Among historians, biography as a form of historical analysis finds little favor and is often denounced as “minutiae without meaning,” a “lesser form of history,” or “the profession’s unloved stepchild, occasionally but grudgingly let in the door, more often shut outside with the riffraff” (573). The ambivalence towards biography seems to stem from an assumption that it is nothing more than “great man” history which unadvisedly explains intellectual developments by studying the mind of an isolated genius. I first picked up on this stigma as a PhD student in a historiography colloquium at the University of Chicago. I was puzzled to hear my Europeanist and Americanist colleagues suggesting that intellectual biography was a flawed and passé method of historical analysis and that the field of history was oversaturated with studies of prominent figures. At the time I was honing in on my dissertation project, which centered the life and thought of the prominent seventh-/thirteenth-century jurist ʿIzz al-Dīn Ibn ʿAbd al-Salām (d. 660/1262) as a window onto broader intellectual and social developments in the Ayyubid period. To my mind this was a worthy contribution: we knew too little, not too much about important thinkers like Ibn ʿAbd al-Salām. In other words, while I can’t speak about the entire field of historical study, the sub-field of Islamic history has too few, not too many, intellectual biographies.
As the first English language biography of Abū al-Maʿālī al-Juwaynī (d. 478/1085), Sohaira Siddiqui’s Law and Politics under the Abbasids: An Intellectual Portrait of al-Juwaynī is a welcome and long overdue contribution. Siddiqui’s book is a brilliant study of the life and thought of the prominent Ashʿarī theologian and Shāfiʿī jurist who left an indelible mark on Muslim theology, law, and political thought, which, until now, had been little known or appreciated. Siddiqui’s study of al-Juwaynī makes a persuasive case for why intellectual biography as a form of historical writing can best demonstrate the interaction between political, social, and intersecting lines of intellectual inquiry at a given point in history.
While I examine the content of Siddiqui’s book in a forthcoming review for the Journal of Near Eastern Studies, in this short essay, I would like to focus on some of the methodological insights I gained from the study and how it continues to inform my work. Having spent many years contemplating intellectual biography as a mode of historical analysis, I would describe Siddiqui’s monograph as an exemplary model for how to bring to life a premodern Muslim thinker’s life and legacy.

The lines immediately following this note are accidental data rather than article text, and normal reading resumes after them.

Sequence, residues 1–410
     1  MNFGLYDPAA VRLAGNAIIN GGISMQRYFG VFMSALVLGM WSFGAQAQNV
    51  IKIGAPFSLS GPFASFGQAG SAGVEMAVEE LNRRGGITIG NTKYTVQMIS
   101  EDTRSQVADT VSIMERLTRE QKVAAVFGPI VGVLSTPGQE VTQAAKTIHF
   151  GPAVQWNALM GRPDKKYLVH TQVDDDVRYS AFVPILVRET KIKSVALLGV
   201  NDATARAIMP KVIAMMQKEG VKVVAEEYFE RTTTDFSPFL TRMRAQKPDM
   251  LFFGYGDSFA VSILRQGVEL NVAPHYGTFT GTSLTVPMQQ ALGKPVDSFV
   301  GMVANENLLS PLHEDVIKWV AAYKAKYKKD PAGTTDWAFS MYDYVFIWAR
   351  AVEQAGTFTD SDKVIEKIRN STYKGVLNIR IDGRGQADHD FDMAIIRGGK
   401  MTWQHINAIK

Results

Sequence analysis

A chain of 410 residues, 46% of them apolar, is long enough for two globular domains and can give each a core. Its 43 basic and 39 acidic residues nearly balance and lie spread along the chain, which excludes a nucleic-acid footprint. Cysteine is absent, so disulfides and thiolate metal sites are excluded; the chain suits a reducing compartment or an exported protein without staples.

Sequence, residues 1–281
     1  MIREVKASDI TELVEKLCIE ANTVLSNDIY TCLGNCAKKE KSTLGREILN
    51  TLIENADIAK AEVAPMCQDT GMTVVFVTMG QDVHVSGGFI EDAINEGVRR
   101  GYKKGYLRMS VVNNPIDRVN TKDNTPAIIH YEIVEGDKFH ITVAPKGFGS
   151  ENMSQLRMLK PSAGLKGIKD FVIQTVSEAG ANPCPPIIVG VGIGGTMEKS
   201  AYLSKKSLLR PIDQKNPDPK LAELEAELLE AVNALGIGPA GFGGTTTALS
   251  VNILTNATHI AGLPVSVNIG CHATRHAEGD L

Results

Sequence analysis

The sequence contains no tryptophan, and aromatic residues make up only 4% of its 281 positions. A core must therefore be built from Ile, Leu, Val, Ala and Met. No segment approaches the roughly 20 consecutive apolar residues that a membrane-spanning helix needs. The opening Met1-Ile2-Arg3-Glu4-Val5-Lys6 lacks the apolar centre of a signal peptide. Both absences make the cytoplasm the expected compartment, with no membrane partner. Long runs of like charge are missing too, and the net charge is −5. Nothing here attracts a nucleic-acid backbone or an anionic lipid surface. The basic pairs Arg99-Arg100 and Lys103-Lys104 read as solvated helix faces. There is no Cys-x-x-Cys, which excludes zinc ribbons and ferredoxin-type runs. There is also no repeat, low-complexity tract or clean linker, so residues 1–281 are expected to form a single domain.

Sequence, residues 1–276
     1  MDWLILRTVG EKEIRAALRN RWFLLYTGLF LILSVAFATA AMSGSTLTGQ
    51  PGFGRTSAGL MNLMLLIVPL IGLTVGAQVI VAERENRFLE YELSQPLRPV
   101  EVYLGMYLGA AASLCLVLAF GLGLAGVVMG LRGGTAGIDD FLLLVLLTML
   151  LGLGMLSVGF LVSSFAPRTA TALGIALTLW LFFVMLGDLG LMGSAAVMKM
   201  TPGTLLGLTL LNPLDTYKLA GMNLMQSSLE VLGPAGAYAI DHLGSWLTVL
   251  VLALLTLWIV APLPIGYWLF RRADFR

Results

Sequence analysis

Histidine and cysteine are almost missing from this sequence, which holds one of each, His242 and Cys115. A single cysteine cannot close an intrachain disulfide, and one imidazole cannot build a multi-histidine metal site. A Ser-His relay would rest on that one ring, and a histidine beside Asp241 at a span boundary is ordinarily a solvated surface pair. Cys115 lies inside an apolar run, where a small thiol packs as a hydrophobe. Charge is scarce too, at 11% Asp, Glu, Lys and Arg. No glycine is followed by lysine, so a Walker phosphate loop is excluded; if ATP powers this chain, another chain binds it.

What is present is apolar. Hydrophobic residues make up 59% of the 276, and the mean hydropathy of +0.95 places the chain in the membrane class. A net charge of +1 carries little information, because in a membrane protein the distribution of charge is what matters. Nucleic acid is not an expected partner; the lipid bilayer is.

Towards Multidisciplinarity, Coherence, and Context in Intellectual Biography
What are some of the outstanding features and key methodological insights we glean from Siddiqui’s accomplished study of al-Juwaynī?
First, Siddiqui’s study draws on three disparate subfields of Islamic intellectual history to reconstruct al-Juwaynī’s thought, namely theology, legal studies, and political theory. This multidisciplinary approach is crucial to Siddiqui’s successful search for unity in the Juwaynian corpus and for the establishment of a coherent narrative of al-Juwaynī’s intellectual vision. By showing how al-Juwaynī’s ideas in epistemology shaped his legal and political thought, for example, Siddiqui convincingly argues that interpreting the thought project of a pivotal polymath like al-Juwaynī demands expertise across subfields. In doing so, she makes a compelling case for why these disciplines should not be siloed off in the historical study of Islamic thought. The effectiveness of Siddiqui’s approach rests on mastery of the three disciplines she studies; mastery which she consistently exhibits through her careful reading and interpretation of theological, legal, and political texts and precise presentation of specialist debates.
Siddiqui’s study of al-Juwaynī makes a persuasive case for why intellectual biography as a form of historical writing can best demonstrate the interaction between political, social, and intersecting lines of intellectual inquiry at a given point in history.